Storks - Movie Content Review

Storks - Movie Content Review - Picture of Junior, Tulip, and the baby

Sometimes a few spoilers are necessary to properly discuss the content of the movie

Corporate yes-man, Junior the stork, was supposed to fire human orphan, Tulip, as his final act before becoming boss.  However, Tulip accidentally turned on the Stork's abandoned baby factory and one baby was made before the machine could be shut off.  Junior reluctantly agrees to travel with Tulip on a secret quest to deliver the human baby before anyone notices.

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Watch on Prime Video - Picture of Junior flying the baby


Storks has a pro-family message, but its representation of family is dysfunctional.  At first Nate, the older brother of the baby Tulip and Junior are delivering, is essentially ignored by his parents.  But by the end of the movie the parents have become fully invested in enjoying spending time with him.  Additionally, Junior and Tulip become like a family as the movie progresses; but their family dynamic has them constantly bickering with each other.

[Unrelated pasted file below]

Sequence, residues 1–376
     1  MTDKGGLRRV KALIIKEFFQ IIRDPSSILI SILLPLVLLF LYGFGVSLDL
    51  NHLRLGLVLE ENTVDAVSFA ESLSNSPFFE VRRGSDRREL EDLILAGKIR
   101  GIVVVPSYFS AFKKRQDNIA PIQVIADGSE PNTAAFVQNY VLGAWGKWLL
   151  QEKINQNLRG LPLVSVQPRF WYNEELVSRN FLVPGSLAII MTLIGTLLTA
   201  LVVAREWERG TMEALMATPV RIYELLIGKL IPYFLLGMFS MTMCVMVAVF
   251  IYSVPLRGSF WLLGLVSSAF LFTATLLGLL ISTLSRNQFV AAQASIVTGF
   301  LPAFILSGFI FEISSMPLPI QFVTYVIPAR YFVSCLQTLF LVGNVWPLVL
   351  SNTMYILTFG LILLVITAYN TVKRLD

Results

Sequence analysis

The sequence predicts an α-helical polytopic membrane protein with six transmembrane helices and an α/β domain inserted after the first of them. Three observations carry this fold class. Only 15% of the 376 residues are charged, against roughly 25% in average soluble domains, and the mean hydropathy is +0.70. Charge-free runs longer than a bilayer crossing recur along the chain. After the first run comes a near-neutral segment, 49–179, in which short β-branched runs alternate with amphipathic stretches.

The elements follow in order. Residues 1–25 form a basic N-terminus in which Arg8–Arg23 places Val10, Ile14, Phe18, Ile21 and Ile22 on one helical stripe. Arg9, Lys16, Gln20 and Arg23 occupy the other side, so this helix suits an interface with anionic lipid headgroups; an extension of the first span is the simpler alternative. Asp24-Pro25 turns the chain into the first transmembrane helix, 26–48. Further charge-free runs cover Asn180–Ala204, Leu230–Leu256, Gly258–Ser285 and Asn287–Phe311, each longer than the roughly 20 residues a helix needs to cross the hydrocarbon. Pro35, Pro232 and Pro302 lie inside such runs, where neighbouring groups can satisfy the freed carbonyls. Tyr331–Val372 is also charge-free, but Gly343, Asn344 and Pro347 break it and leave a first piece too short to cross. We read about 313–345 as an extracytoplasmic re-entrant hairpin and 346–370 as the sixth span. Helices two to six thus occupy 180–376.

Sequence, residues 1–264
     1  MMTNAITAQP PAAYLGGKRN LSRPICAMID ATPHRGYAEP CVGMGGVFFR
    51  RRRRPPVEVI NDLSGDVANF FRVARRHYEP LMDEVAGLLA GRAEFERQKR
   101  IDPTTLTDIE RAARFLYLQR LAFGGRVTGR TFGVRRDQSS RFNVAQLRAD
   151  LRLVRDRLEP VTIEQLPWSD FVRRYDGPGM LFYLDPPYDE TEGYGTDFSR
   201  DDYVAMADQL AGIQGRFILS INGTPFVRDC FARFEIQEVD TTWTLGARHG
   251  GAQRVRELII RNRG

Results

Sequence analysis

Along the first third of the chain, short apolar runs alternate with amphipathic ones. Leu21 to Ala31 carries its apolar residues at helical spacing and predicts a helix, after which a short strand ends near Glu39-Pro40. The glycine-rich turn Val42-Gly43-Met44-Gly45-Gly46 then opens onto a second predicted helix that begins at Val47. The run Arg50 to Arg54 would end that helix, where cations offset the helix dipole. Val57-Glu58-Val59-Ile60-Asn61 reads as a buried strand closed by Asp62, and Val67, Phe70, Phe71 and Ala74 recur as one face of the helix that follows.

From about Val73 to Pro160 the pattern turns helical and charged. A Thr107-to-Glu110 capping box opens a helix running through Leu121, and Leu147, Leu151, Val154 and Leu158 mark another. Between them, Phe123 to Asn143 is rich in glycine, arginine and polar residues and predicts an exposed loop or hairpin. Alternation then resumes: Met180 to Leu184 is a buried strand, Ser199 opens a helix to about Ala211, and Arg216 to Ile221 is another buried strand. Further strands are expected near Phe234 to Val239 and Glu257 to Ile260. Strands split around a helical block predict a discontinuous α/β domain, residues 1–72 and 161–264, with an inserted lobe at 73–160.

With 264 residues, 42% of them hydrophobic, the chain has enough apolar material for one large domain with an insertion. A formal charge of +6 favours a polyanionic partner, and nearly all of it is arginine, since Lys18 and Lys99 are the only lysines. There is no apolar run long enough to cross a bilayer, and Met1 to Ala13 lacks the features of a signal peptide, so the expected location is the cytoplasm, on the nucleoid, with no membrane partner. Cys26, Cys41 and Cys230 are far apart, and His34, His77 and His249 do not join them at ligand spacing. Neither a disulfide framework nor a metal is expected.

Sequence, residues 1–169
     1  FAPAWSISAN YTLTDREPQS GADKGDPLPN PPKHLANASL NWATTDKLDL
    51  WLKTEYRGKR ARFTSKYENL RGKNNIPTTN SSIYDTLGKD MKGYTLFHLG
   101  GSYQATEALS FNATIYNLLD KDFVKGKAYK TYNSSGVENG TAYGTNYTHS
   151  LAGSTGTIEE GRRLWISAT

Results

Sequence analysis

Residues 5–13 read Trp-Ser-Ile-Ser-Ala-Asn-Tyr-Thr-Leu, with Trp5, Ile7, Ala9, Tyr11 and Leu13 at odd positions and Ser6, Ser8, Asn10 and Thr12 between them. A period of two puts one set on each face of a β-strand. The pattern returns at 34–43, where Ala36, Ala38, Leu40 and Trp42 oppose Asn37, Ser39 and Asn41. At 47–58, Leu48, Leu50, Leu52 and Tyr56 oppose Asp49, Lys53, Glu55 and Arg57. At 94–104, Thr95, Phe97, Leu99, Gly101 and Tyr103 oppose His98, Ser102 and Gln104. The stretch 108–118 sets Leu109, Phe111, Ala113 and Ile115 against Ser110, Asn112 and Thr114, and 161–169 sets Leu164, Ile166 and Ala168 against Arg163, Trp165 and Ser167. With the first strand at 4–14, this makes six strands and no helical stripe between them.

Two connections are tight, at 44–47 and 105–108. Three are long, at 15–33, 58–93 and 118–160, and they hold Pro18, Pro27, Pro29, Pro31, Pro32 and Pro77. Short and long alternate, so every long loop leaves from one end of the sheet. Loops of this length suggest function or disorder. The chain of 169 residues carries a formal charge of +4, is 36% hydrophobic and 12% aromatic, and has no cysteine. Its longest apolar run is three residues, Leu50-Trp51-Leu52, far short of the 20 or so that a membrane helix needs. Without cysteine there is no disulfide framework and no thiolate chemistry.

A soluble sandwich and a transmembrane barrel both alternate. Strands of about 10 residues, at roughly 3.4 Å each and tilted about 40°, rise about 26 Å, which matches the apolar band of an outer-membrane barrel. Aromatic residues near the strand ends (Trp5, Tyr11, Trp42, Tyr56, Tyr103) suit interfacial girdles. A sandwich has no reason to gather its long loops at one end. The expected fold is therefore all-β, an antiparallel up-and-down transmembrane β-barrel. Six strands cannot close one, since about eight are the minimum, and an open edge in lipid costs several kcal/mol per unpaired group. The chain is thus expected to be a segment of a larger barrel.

This movie has several characters stereotypical with corporate and bro culture.  The current boss, Hunter, is a stereotypical intimidating and controlling alpha male personality.  Junior is a corporate over-achieving middle man that's trying to simultaneously get ahead and be friends with everyone.  Pidgeon Toady constantly says "bruh", backstabs to get ahead, and seeks attention.  These characters and their stereotypical lingo are very over the top; adults will either find them hilarious or overwhelmingly cringe.

There's a lot of jokes meant for adults.  Many of them are focused around corporate office work, but there's also several jokes around the question "where do baby's come from?".  It's quite likely that a child who doesn't already understand the origin of babies will ask you that very question after watching this movie.


Storks - Language - Picture of the storks surprised


The phrase "oh my gosh" is used.  See the Family & Relationships section for additional language related information.

There is no swearing in this movie.

Storks - Fears - Picture of Junior, Tulip, and the baby scared


Junior, Tulip, and the baby are kidnapped multiple times.

Playing into his stereotype, Hunter becomes a bad guy after he learns that Junior disobeyed his orders.  He's not scary, but his strong personality and the fact that he's going after the baby makes him a strong villain some children may find uncomfortable.

There are no scary storms, fires, scary monsters, clowns, scary darkness, or home break-ins.

Storks - Family & Relationships - Picture of Nate Gardner and his mom and dad building

Family & Relationships

There's a lot of lying, deception, and manipulation.  In the moment it's typically presented as funny, and any negative repercussions happen later.